Monday, February 27, 2012

What do Adam and Satan have in common?

Whilst doing some reading on a completely different subject I was struck by the similarity between the issues with Adam we were discussing earlier and another biblical character, namely Satan. In Satan's case the transformation is even more profound.

  1. If in Adam's case he barely gets another mention after Genesis, Satan does at least get a mention in a few different OT books, 1 Chron, Job and Zechariah.  But the situation is complicated, like Adam's, by the fact his name is also a noun, "accuser." 
  2. Satan's role in the gospels as Jesus' tempter is congruent with OT behaviour, but he seems to take on a less ambiguous role, no longer merely an accuser but God's enemy whose works are to be undone. In the NT Satan is presented more as being in diometric opposition to God, rather than just stirring up trouble for human beings as in the OT.
  3. Unlike Adam, the promotion of Satan (who is now also identified as or conflated with "the Devil", a Greek word - diabolos - to the Hebrew word satan) happens across a broader range of NT scripture, all the gospels, Paul, Hebrews, James, 1 Peter, 1 John, and especially Revelation all reflect his importance as God's enemy. 
  4. Back to the problem of original sin, the association of the serpent with Satan which is so easily made by evangelical theologians is actually only made in Revelation, and it is hard to say whether the author was intending to be 'literal" (;-)) about the connection.  In actual fact Genesis 3 is at pains to mention the serpent is a  חַיַּת הַשָּׂדֶה "beast of the field" or "wild animal" (Gen 3:1) which surely precludes him from being the personification of an evil supernatural entity.
So what do Adam and Satan have in common?  Well they both receive a significant theological promotion in importance between testaments and they both have been part of the traditional Christian answer to the origin of (original/hereditary) sin, but neither of them really have the scriptural mandate to take the blame for that first sin (if there ever was one, Tim).

Let me know what you think, :-)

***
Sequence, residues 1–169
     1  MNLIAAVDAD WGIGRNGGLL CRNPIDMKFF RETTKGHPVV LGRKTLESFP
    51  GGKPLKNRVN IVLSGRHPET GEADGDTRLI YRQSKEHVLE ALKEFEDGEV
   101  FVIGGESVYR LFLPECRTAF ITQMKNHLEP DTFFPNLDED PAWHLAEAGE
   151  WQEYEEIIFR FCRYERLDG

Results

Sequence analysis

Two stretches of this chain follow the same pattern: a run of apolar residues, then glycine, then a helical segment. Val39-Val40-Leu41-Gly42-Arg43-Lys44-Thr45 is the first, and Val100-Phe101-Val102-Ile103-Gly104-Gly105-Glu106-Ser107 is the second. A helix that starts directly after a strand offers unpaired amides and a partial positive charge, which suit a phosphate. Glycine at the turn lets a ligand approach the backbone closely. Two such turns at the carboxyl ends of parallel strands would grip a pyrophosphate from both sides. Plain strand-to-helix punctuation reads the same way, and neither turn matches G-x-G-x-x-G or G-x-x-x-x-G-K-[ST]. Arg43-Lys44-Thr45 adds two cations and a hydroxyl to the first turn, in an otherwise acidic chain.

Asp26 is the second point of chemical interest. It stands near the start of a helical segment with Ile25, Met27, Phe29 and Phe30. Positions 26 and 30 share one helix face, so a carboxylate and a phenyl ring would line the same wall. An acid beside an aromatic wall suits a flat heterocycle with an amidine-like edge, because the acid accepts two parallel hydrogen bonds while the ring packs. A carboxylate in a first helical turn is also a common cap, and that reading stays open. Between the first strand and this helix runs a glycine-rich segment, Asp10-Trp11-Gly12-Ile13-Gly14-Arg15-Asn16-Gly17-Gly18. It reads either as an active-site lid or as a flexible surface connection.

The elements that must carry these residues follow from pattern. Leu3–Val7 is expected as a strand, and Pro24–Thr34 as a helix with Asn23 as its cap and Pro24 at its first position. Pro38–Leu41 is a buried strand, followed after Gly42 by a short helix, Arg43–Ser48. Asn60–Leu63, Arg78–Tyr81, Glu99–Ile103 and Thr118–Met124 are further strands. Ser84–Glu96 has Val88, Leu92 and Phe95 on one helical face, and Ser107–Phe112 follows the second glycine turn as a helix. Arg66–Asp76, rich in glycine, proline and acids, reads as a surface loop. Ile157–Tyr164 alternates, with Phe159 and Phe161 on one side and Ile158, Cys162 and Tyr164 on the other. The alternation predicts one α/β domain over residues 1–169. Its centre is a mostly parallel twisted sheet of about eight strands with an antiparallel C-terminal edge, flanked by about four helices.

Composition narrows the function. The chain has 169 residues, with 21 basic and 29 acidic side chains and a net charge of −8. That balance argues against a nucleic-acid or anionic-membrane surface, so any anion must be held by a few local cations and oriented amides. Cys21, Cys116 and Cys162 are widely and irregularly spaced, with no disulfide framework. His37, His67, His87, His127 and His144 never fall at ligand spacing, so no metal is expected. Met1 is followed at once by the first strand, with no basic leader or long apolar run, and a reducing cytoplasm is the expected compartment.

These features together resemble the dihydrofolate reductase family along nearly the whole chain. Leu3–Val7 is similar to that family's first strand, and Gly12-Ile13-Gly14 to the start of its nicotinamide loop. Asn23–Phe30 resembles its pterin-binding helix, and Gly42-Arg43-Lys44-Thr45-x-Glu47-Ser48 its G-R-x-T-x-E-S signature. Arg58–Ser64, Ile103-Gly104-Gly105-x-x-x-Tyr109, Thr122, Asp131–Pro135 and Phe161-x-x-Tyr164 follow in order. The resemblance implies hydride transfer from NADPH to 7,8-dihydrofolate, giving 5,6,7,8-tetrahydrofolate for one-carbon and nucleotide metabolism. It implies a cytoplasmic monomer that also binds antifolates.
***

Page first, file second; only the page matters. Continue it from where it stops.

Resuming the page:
1. Replies
    1. and you Steve are invited to leave comments that actually relate to the post, not just promote your own website. seriously.

  2. It's amazing trying to have cogent conversations with other Christians whose ideas of Satan and Adam come from the Medieval period — not even the NT writings, which were just starting to creep in those directions.

    I've been reading through the Dead Sea Scrolls and the Jewish apocrypha, and I think something (Zoroastrianism?) infected apocalyptic-minded Jews with the need to invent a devil. In the case of these apocryphal writings, you have something similar to the development of the Catholic Satan, only instead it's "Belial", a common noun meaning "worthless" and occasionally used in the OT to describe nasty people. By the time of the Qumran sect's writings, this word has been converted into a full-blown archenemy of God and the Messiah who will infects men with evil desires and will stand against the pure Qumranites and their priestly messiah in the final showdown. Of course, the NT isn't immune from this sect's thinking either, since Paul mentioned Belial once in a similar manner.

    Of course, the Enochic tradition, with its alternate proposals for the existence of evil, was also trying to invent a devil, except that the fallen angel Azazel was their candidate.

  3. Hi Paul, welcome to the blog. The section in NT Wright's Jesus and the Victory of God about Jesus' conflict with the satan is worth a read. Highlights the extent to which Jesus understood his ministry as spiritual warfare.

    Where things get interesting of course, if they weren't already, is if a fallen angel is responsible (at least in part) for the fall of humanity, then what caused that earlier fall? This is where i reach for my VHS of Time Bandits :-)